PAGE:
In this case appellee, claiming to be the current owner of an indebtedness, sued two defendants. The pleading references supporting “attached documentation [,]” but neither the underlying contract nor an assignment is attached to the petition. What is attached does not reference an assignment but rather seems to describe the appellee's own account. See Cecil v. Hydorn, 725 S .W.2d 781, 782 (Tex.App.-San Antonio 1987, no writ) (When an obligation alleged in a pleading does not conform to the exhibit attached as the basis of the obligation, the document rather than the pleading controls.). Neither the petition nor any attached document names the original lender. The petition includes only an account number, but does not name the defendant who opened the account or signed the contract. See Lambert v. Dealers Elec. Supply, Inc., 629 S.W.2d 61, 63 (Tex.App.-Dallas 1981, writ ref'd n.r.e.) (op. on reh'g) (“[O]nly those matters alleged in the body of the petition are matters upon which defendant is placed upon notice that plaintiff intends to prove upon trial.”). Appellant's name is misspelled in the preamble, the only place in the petition other than the style where he is named, and the petition (filed in Orange County) does not provide the appellant's residence (in Harris County), although that was known. See Tex.R. Civ. P. 79. The body of the pleading refers to only one defendant, though not by name, an allegation consistent with appellant's argument that he did not sign the contract or open the account. See Lambert, 629 S.W .2d at 63. But appellee seeks to hold both defendants liable for the alleged amount.

In the petition, appellee also states: “However, this amount may not include any payments or credits occurring after the date of this petition or the date of the affidavit of [p]laintiff's representative.” The attached “affidavit” appears to be dated eleven months before the default judgment is signed, and refers to a single unnamed “defendant.” The affidavit is an apparent attempt to support a suit on account under Rule 185, but the affidavit does not state the “claim is, within the knowledge of affiant, just and true․” See Tex.R. Civ. P. 185; see also Griswold, 249 S.W.2d at 61 (reversing default judgment because affidavit did not meet the requirements of Rule 185). Although the affidavit uses the singular “defendant,” it does not state which defendant allegedly owes the debt. The petition contains no assertion that the account was “for goods, wares and merchandise,” for material furnished, for personal services rendered, or for labor done or furnished. See Tex.R. Civ. P. 185; see also Hollingsworth v. Nw. Nat'l Ins. Co., 522 S.W.2d 242, 245 (Tex.Civ.App.-Texarkana 1975, no writ). Furthermore, appellee was not a party to the original transaction. See Volvo Petroleum, Inc. v. Getty Oil Co., 717 S.W.2d 134, 138 (Tex.App.-Houston [14th Dist.] 1986, no writ) (“Such accounts, though verified, are hearsay as to such parties[.]”), overruled on other grounds by Sosa v. Cent. Power & Light, 909 S.W.2d 893, 895 (Tex.1995).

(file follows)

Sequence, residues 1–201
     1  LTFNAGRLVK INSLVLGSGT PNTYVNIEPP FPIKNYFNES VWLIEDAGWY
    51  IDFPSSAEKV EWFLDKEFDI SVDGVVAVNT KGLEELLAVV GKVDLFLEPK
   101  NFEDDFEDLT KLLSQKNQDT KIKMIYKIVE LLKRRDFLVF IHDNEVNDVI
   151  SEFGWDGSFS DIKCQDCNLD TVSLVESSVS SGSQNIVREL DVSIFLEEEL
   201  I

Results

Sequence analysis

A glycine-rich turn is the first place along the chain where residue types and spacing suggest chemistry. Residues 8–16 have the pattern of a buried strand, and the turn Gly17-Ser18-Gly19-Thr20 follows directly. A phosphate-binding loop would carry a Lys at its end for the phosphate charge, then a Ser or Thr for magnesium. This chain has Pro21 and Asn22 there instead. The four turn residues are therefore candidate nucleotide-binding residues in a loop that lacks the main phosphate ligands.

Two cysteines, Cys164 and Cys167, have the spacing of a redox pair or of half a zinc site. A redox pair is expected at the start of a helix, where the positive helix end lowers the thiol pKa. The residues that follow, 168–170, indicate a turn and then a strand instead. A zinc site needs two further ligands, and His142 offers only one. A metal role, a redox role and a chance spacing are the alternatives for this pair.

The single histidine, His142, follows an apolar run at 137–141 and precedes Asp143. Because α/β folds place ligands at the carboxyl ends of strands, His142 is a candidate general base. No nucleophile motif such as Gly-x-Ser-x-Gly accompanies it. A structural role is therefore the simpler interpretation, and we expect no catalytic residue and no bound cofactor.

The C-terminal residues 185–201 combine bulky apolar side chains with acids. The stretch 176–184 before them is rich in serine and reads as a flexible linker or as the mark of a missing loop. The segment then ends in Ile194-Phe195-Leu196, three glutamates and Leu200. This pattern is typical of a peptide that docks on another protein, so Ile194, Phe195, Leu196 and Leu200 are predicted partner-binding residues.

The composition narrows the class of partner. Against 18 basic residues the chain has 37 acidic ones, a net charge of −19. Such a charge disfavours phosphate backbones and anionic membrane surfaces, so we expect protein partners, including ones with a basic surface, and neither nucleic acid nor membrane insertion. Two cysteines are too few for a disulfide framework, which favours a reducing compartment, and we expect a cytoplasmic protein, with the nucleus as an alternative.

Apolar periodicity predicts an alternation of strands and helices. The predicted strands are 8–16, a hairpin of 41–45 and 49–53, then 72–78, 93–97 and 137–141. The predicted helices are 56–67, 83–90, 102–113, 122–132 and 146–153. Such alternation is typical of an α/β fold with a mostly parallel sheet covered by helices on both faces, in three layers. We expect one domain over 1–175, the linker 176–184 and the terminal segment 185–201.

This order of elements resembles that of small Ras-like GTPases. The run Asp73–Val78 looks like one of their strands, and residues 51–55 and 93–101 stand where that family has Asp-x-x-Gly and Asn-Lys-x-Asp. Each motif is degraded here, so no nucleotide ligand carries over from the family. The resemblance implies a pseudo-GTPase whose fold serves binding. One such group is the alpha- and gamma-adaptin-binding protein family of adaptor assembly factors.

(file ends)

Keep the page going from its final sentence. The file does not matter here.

Appellee argues that the pleading nevertheless is sufficient as a suit on an open account and on an account stated. But the petition does not include an allegation that the appellant agreed that the balance alleged to be due is correct. See E. Dev. & Inv. Corp. v. City of San Antonio, 557 S.W.2d 823, 824–26 (Tex.Civ.App.-San Antonio 1977, writ ref'd n.r.e.); Unit, Inc. v. Ten Eyck–Shaw, Inc ., 524 S.W.2d 330, 334 (Tex.Civ.App.-Dallas 1975, writ ref'd n.r.e.). Rather, the petition itself includes an assertion that the amount may not reflect all payments made. And while the appellee also attempts to assert an action for quantum meruit, the pleading contains no assertion that appellee provided valuable services or materials to appellant. See Vortt Exploration Co. v. Chevron U.S.A ., Inc., 787 S.W.2d 942, 944 (Tex.1990). Also, the discovery requests in the petition reference an express contract. See id. (“Generally, a party may recover under quantum meruit only when there is no express contract[.]”).